Association of Orthostatic Hypotension Timing With Clinical Events in Adults With Diabetes and Hypertension: Results From the ACCORD Trial.
Pubmed ID: 30715100
Pubmed Central ID: PMC6558664
Journal: American journal of hypertension
Publication Date: 06/11/2019
Affiliation: Section for Research, Department of Medicine, Division of General Medicine and Primary Care, Beth Israel Deaconess Medical Center, Harvard Medical School, Boston, Massachusetts, USA.
MeSH Terms: Humans, Male, Adult, Female, Aged, Multicenter Studies as Topic, Risk Factors, Middle Aged, Hypertension, Randomized Controlled Trials as Topic, Risk Assessment, Blood Pressure, Cause of Death, Incidence, Time Factors, Predictive Value of Tests, Diabetes Mellitus, Type 2, Fractures, Bone, Blood Pressure Determination, Hypotension, Orthostatic, Accidental Falls, Posture
Grants: K23 HL135273, R01 AG025037, R01 AG041785, R21 HL144876
Authors: Mukamal KJ, Juraschek SP, Lipsitz LA, Beach JL
Cite As: Juraschek SP, Lipsitz LA, Beach JL, Mukamal KJ. Association of Orthostatic Hypotension Timing With Clinical Events in Adults With Diabetes and Hypertension: Results From the ACCORD Trial. Am J Hypertens 2019 Jun 11;32(7):684-694.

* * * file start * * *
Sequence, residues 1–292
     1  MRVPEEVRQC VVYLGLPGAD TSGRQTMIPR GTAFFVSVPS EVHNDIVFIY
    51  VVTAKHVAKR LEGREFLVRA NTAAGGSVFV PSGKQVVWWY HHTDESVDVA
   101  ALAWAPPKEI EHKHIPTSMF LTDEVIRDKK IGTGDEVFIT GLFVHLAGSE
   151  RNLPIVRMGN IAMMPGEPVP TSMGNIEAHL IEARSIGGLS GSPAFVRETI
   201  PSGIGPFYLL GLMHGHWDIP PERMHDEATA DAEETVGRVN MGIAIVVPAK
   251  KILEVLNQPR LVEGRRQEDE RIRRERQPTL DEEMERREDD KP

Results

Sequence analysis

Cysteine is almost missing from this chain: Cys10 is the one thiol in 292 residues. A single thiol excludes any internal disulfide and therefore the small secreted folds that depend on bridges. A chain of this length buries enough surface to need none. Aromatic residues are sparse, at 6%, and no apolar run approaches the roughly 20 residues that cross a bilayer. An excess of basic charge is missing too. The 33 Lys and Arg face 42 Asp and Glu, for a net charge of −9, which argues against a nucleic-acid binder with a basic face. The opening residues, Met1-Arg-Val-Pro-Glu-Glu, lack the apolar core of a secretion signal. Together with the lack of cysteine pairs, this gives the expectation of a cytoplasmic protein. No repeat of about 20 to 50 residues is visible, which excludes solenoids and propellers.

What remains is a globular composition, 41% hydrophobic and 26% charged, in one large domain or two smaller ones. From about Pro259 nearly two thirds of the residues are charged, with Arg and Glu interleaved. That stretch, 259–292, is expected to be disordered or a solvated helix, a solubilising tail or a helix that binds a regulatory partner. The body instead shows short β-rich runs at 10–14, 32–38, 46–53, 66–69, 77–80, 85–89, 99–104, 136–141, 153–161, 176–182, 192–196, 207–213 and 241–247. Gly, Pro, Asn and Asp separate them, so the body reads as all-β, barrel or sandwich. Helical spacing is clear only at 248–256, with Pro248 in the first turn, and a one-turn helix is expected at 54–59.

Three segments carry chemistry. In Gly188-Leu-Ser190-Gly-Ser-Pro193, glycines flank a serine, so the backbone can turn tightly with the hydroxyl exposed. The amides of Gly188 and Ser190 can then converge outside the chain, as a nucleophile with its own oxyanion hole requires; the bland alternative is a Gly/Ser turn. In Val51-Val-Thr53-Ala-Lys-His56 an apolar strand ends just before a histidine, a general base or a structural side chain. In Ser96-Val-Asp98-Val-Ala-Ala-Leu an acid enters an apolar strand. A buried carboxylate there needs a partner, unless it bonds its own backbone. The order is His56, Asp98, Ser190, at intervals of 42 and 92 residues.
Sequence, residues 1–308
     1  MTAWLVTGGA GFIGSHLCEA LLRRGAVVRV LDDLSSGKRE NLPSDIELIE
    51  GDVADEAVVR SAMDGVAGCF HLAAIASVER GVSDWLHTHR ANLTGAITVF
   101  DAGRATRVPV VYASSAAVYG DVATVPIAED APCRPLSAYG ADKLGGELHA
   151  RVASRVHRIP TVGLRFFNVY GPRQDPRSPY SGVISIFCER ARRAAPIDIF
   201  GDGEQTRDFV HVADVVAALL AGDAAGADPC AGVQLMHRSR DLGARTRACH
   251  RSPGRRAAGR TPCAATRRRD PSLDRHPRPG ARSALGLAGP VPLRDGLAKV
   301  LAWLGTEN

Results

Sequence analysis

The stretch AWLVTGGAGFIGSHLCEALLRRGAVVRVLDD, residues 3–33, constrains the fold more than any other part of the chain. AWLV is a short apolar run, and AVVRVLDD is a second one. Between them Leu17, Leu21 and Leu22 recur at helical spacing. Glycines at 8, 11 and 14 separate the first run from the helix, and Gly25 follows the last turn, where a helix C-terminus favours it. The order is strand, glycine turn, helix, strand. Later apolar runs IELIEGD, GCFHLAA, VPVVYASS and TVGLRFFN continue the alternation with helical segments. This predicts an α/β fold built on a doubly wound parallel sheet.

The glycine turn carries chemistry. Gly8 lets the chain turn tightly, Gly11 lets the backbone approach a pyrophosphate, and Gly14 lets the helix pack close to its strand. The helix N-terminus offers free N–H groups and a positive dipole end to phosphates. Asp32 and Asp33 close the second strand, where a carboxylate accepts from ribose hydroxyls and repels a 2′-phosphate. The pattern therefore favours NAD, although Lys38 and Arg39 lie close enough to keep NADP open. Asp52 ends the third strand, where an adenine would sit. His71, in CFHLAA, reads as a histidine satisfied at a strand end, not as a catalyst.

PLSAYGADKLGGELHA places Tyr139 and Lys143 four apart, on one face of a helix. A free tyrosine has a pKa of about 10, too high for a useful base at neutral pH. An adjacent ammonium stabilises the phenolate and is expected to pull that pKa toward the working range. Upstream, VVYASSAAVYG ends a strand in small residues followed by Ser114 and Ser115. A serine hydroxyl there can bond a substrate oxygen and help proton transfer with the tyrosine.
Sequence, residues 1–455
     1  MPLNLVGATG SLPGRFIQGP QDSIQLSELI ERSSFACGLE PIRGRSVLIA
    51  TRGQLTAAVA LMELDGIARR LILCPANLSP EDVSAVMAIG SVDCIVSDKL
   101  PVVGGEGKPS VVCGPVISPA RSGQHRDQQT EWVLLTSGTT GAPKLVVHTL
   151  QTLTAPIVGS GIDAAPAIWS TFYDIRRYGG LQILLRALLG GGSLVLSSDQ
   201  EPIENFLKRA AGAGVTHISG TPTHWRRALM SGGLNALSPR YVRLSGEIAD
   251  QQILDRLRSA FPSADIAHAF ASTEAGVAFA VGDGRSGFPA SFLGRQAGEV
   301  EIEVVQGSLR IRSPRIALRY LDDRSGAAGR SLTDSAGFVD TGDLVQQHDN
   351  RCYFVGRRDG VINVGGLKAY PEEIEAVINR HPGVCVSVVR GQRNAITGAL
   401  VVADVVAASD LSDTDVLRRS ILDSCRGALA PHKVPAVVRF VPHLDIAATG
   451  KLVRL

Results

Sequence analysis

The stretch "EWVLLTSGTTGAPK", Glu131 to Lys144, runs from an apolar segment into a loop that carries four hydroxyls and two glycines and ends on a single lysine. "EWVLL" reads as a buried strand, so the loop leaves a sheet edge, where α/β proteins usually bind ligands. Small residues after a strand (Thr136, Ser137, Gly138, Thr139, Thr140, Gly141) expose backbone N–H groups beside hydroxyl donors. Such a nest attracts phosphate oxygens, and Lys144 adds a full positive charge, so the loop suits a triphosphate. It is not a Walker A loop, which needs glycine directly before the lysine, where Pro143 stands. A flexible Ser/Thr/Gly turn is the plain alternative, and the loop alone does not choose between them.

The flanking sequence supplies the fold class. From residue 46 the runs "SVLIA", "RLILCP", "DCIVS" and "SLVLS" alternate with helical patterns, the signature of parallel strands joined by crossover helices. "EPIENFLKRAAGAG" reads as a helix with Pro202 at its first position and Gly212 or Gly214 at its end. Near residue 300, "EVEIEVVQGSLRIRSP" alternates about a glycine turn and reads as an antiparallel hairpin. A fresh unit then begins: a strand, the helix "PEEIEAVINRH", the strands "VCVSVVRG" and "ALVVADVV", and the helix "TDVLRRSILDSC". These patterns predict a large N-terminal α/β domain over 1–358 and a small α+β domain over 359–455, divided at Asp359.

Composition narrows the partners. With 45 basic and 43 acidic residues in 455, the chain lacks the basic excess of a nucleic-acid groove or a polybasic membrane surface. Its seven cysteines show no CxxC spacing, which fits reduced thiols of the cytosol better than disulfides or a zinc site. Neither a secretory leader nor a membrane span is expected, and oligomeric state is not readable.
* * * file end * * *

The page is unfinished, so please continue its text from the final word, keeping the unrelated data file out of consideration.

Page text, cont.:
OBJECTIVE: To determine the effects of orthostatic hypotension (OH) measurement timing on its associations with dizziness, falls, fractures, cardiovascular disease (CVD), and mortality. METHODS: We analyzed OH measurements from the Action to Control Cardiovascular Risk in Diabetes BP trial, which evaluated two blood pressure (BP) goals (systolic BP [SBP] < 120 mm Hg vs. SBP < 140 mm Hg) and incident CVD among adults with diabetes and hypertension. Seated BP was measured after 5 minutes of rest at baseline and follow-up visits (12 months, 48 months, and exit). Standing BP was measured 3 consecutive times (M1-M3) after standing, starting at 1 minute with each measurement separated by 1 minute. Consensus OH was defined as a drop in SBP ≥ 20 mm Hg or diastolic BP (DBP) ≥ 10 mm Hg. Participants were asked about orthostatic dizziness, recent falls, and recent fractures, and underwent surveillance for CVD events and all-cause mortality. RESULTS: There were 4,268 participants with OH assessments over 8,450 visits (mean age 62.6 years [SD = 6.6]; 46.6% female; 22.3% black). Although all measures of consensus OH were significantly associated with dizziness, none were associated with falls, and only M2 (~3 minutes) was significantly associated with fractures. No measurements were associated with CVD events, but later measurements were significantly associated with mortality. BP treatment goal did not increase risk of OH regardless of timing. Associations were not consistently improved by the mean or minimum of M1-M3. CONCLUSION: In this population of adults with hypertension and diabetes, neither single time nor set of measurements were clearly superior with regard to outcomes. These findings support the use of a flexibly timed, single measurement to assess OH in clinical practice. CLINICAL TRIALS REGISTRATION: Trial Number NCT00000620.